Did you know: Fibre optics in NamibiaAugust 14, 2012
Off the gridAugust 14, 2012
15 February – 15 March 2012
Namibia has a strong track record of attracting foreign investment and many well-known international companies play an active role in a wide variety of sectors, including agriculture, fishing, mining, manufacturing, construction, tourism, telecoms and financial services. The Namibian Constitution promotes foreign investment and protects private property. Every month Flamingo brings you a round-up of the most important business and economics news from Namibia put together by Robin Sherbourne of local economic consulting company Namibian Economics. To receive regular updates on the Namibian economy, email email@example.com
The Ministry of Environment and Tourism has launched the Environmental Investment Fund, which could generate N$300m annually. The fund will enable Namibia to raise financial resources for direct investment in environmental protection and natural resource management. According to the Minister, Netumbo Nandi-Ndaitwah, N$37.7m has been allocated to capitalise the fund. Possible types of environmental levies include carbon tax and waste management levies.
Civil servants earning up to N$20 000 per month will soon be able to buy houses through a non-bank financing scheme backed by their pension fund. The GIPF has already appointed a local company, First Capital Real Estate, to disburse the money in what is set to be a watershed funding model for the country. The scheme comes just after newly collated figures indicate that less than 14% of Namibians have an income that qualified them to obtain an average mortgage of about N$406 000.
The West Africa Cable System (WACS) will be ready for commercial data traffic by April 2012. Telecom Namibia has already completed its own cable and landing station in Swakopmund, linking the country directly to WACS. WACS is an undersea communicates cable linking South Africa to the UK. Telecom and MTC have invested US$90m in the project.
The N$750m project for the construction of a fourth turbine at the Ruacana hydropower station is well on track and is expected to be operational by April. The completion of the fourth turbine will come at a time when Namibia drastically needs to find an answer to its energy shortfall. The Minister of Mines and Energy Isak Katali says that Namibia will be facing a shortage of approximately 80MW of electricity this winter.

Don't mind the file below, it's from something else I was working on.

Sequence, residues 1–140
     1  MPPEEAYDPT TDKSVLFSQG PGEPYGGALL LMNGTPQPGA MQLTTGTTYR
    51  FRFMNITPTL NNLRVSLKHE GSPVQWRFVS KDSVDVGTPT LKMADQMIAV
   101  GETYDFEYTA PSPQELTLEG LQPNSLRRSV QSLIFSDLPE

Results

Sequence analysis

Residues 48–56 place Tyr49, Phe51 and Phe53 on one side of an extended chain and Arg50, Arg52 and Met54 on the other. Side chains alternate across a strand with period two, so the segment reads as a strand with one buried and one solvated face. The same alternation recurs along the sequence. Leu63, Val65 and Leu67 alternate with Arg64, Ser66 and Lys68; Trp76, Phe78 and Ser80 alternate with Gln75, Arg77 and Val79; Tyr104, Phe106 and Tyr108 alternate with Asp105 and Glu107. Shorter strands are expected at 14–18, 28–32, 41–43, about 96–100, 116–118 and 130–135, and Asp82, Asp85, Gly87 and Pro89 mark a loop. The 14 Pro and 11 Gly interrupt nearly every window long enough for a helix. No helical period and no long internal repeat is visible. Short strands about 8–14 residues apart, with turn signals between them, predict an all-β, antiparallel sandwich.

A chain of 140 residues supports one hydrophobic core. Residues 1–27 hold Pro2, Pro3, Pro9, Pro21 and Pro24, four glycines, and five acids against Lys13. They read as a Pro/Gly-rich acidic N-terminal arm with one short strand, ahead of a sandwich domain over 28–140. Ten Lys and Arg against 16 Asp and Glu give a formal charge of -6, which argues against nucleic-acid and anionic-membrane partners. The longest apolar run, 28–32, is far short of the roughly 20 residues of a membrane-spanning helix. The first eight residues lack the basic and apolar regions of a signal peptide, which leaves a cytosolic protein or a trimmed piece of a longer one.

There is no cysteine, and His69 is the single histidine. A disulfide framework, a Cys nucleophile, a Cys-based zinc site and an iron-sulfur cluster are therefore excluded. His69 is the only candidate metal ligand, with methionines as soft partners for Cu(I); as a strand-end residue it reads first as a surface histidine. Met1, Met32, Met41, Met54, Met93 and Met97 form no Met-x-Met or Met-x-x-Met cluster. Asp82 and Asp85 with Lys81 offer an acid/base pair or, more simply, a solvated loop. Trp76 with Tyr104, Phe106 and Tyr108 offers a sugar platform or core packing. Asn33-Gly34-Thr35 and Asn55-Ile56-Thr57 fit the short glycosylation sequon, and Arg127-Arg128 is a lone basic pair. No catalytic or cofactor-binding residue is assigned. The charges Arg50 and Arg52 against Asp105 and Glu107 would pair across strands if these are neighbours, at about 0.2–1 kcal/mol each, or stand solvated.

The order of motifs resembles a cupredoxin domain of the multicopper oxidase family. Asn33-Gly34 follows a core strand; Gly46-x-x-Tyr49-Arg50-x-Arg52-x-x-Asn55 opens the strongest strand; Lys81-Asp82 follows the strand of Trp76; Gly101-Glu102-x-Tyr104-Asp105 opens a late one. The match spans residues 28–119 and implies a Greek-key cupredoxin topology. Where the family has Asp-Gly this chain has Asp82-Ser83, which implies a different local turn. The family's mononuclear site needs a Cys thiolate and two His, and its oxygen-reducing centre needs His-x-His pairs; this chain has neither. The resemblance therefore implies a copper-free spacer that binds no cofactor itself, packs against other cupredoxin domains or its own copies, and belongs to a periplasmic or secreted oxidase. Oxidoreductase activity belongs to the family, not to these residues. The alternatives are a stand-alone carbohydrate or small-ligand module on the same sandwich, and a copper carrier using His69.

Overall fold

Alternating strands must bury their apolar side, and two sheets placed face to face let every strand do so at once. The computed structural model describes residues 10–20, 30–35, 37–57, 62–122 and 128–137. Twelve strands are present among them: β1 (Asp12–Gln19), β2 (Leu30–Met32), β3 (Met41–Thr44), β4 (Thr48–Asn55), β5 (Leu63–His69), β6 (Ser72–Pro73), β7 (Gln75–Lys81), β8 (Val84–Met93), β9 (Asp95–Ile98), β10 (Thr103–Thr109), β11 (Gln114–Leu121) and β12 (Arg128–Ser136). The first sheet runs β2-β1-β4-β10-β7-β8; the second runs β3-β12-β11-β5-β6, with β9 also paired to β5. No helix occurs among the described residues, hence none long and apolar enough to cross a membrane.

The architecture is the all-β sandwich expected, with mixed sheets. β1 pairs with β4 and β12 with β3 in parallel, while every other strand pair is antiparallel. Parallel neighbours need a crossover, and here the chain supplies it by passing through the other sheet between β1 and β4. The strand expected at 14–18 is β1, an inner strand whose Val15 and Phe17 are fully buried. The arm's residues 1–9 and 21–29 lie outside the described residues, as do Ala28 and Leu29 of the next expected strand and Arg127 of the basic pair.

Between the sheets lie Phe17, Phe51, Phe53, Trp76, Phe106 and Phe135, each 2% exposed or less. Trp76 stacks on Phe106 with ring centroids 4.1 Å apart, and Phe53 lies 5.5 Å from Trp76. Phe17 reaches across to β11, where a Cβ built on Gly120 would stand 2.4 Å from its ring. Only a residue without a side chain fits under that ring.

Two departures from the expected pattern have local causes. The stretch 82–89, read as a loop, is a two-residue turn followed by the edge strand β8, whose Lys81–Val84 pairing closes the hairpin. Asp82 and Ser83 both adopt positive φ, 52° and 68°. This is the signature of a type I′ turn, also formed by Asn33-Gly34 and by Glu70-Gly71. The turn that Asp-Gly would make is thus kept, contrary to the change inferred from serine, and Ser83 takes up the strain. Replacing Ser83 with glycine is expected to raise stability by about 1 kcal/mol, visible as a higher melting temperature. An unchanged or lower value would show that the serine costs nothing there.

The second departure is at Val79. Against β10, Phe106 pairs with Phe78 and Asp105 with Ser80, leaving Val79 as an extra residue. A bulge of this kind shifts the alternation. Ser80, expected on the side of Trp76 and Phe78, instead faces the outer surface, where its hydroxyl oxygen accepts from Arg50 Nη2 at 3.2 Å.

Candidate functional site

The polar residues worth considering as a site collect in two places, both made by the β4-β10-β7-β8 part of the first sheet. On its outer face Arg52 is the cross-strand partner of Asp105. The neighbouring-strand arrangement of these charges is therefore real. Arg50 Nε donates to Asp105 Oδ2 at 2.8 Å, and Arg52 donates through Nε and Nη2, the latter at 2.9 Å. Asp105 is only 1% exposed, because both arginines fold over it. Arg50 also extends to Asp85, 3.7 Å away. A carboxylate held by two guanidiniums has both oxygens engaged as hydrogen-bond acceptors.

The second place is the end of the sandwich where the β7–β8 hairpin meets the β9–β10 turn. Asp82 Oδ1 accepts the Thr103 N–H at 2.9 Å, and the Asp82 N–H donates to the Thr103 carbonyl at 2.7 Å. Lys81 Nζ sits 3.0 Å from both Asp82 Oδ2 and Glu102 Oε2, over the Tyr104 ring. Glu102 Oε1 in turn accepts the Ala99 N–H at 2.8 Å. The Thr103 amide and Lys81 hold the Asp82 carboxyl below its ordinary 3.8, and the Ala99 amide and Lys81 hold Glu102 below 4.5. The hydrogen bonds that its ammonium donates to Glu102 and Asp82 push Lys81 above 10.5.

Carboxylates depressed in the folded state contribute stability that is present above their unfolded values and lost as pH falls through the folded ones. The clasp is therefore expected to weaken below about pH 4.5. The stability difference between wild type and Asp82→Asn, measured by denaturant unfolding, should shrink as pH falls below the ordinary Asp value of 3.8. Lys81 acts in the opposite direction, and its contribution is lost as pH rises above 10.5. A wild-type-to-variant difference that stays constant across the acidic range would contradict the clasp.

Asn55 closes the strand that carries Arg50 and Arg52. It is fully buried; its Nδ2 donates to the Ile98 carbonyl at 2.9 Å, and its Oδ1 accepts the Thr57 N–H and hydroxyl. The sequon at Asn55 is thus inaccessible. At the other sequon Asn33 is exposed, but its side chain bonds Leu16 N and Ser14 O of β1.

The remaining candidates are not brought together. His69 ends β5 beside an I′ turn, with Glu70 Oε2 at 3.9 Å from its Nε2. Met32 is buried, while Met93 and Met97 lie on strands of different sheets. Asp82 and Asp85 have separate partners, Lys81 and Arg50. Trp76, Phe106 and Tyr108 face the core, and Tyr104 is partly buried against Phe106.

Only about 67 000 households earn a monthly income sufficient to afford buying an average priced house, according to the monthly housing price index for December 2011. The upside, however, is that 2012 is set to see a relative decrease in house prices, due to new houses just developed by the National Housing Enterprise and a substantial increase in the land delivery rate across the country, according to New Era.
Implementation of the three-year, N$15.2bn (US$2bn) job-creation programme – the Targeted Intervention Programme for Employment and Economic Growth (TIPEEG) – has gathered some momentum, with N$1.7bn spent and 7 000 new jobs created in Namibia as of last November.
Namibia will face an electricity shortage this winter, despite the efforts of
NamPower to develop a culture of energy saving. Mines and Energy Minister Isak Katali announced that Namibia will face an electricity shortfall of about 80MW this winter and expects the electricity deficit to increase to 300MW by 2015. Namibia’s daily electricity consumption currently stands at 440MW.
Namibia Poultry Industries (NPI) is gearing itself to supply the entire Namibian market by the end of May 2012. The abattoir is set to be fully operational in April and the first birds for slaughter are expected on 18 April. Production should peak towards the middle of May 2012. The industry expects to receive infant industry protection as from the beginning of June.
Chairperson of De Beers, Nicky Oppenheimer, has given the assurance that the future of the diamond sector is bright while expansion plans to extend Namdeb’s lifespan to 2025 would not be changed by Anglo American’s acquisition of De Beers.